In addition, rules on American travel to Cuba will be tightened, limiting casual tourism. But airlines will continue to be able to fly to Havana, and cruise ships will still dock at the island’s ports.

Trump’s speech, before an audience that included aging veterans of the 1961 Bay of Pigs invasion — an effort by CIA-backed Cuban exiles to overthrow Fidel Castro’s government — was heavy with Cold War rhetoric and references to images, such as gunshots in the ocean breeze, that no longer exist in Cuba.

It amounted to an effort to partially return to the status quo from before December 2014, when President Obama and Cuban President Raul Castro announced they were reopening diplomatic ties after a half-century of hostility.

Soon, Americans could travel to Cuba and businesses, including the tourism industry and food-producing farm states, were involved in commercial deals.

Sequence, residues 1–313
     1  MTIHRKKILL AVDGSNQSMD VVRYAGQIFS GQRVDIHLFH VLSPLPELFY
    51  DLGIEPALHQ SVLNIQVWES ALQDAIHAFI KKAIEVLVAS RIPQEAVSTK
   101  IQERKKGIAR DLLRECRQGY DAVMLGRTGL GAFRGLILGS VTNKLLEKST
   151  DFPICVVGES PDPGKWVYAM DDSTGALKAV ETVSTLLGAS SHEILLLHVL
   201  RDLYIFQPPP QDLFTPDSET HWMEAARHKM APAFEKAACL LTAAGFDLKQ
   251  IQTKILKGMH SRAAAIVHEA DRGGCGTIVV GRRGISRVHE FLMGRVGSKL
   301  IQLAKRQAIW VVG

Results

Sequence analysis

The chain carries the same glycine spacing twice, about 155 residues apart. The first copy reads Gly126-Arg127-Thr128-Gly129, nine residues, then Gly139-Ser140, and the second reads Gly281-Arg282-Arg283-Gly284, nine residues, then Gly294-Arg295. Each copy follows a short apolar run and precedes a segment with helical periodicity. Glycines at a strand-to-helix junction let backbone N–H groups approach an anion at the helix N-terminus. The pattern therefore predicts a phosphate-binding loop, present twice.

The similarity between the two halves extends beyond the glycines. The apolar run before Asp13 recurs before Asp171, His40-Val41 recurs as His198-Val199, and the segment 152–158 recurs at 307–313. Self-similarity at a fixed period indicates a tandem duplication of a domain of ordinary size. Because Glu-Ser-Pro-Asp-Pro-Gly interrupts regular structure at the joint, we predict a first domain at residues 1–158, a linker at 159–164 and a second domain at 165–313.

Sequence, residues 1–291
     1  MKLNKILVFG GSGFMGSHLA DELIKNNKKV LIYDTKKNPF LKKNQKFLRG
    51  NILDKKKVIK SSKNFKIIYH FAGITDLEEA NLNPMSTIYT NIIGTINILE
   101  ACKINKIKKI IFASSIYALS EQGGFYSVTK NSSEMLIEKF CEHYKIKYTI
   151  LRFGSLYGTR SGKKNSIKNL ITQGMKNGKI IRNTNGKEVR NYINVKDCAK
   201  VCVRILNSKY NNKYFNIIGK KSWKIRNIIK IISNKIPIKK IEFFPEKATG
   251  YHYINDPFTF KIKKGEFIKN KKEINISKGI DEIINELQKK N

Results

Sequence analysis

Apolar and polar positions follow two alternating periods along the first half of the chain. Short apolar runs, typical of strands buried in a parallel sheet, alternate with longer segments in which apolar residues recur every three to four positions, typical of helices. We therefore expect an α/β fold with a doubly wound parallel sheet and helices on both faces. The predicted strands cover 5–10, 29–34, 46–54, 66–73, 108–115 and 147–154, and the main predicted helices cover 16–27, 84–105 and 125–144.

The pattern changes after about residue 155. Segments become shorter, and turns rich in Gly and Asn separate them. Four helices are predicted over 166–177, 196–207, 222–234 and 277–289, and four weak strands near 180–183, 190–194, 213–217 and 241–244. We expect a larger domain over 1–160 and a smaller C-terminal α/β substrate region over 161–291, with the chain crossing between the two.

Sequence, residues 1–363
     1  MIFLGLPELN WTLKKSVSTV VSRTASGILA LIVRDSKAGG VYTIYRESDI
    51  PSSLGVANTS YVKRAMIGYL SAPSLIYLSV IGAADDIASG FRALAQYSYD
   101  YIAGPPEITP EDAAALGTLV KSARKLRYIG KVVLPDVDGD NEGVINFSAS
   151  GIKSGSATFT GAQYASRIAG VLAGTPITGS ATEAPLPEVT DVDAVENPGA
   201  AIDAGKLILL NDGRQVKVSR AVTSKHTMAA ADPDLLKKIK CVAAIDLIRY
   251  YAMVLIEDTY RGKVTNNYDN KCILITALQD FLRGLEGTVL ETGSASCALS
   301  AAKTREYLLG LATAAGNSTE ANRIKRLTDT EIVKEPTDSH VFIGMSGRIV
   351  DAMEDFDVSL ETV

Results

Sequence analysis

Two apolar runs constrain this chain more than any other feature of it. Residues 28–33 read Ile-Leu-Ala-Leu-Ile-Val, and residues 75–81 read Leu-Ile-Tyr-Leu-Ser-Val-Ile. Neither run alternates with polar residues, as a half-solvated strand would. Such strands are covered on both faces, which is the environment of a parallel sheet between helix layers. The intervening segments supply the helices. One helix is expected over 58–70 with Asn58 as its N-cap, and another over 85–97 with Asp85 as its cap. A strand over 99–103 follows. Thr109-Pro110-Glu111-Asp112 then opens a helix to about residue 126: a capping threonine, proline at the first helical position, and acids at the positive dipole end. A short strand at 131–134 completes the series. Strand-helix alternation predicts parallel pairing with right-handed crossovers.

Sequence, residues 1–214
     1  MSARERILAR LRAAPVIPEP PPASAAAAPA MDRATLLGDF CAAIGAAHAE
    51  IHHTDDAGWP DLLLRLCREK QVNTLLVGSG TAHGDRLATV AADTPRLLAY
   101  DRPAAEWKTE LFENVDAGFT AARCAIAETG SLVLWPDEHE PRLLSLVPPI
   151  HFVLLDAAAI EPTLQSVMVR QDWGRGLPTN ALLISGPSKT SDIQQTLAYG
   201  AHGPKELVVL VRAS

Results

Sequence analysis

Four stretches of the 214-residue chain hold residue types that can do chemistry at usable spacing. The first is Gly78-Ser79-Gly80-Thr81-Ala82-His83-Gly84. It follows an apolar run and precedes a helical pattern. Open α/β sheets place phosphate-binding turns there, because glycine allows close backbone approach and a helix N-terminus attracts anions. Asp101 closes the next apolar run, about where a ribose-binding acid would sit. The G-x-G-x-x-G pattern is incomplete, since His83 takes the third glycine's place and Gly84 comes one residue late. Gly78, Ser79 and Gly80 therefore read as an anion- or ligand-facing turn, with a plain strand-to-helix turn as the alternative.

But conservative members of Congress, especially those based here in south Florida, objected, saying that it was mostly the Communist government and Cuban military who were benefiting. Until Cuba’s human rights situation improved, they argued, deals with Cuba should be limited.

Florida’s Republican Sen. Marco Rubio had lobbied Trump intensely to stick with his campaign pledge to roll back the opening to Cuba.

The timing and location of Trump’s announcement raised some eyebrows. He came to Miami as his vice president and three Cabinet secretaries were hosting leaders of Mexico and Central America in a two-day conference on immigration and regional prosperity.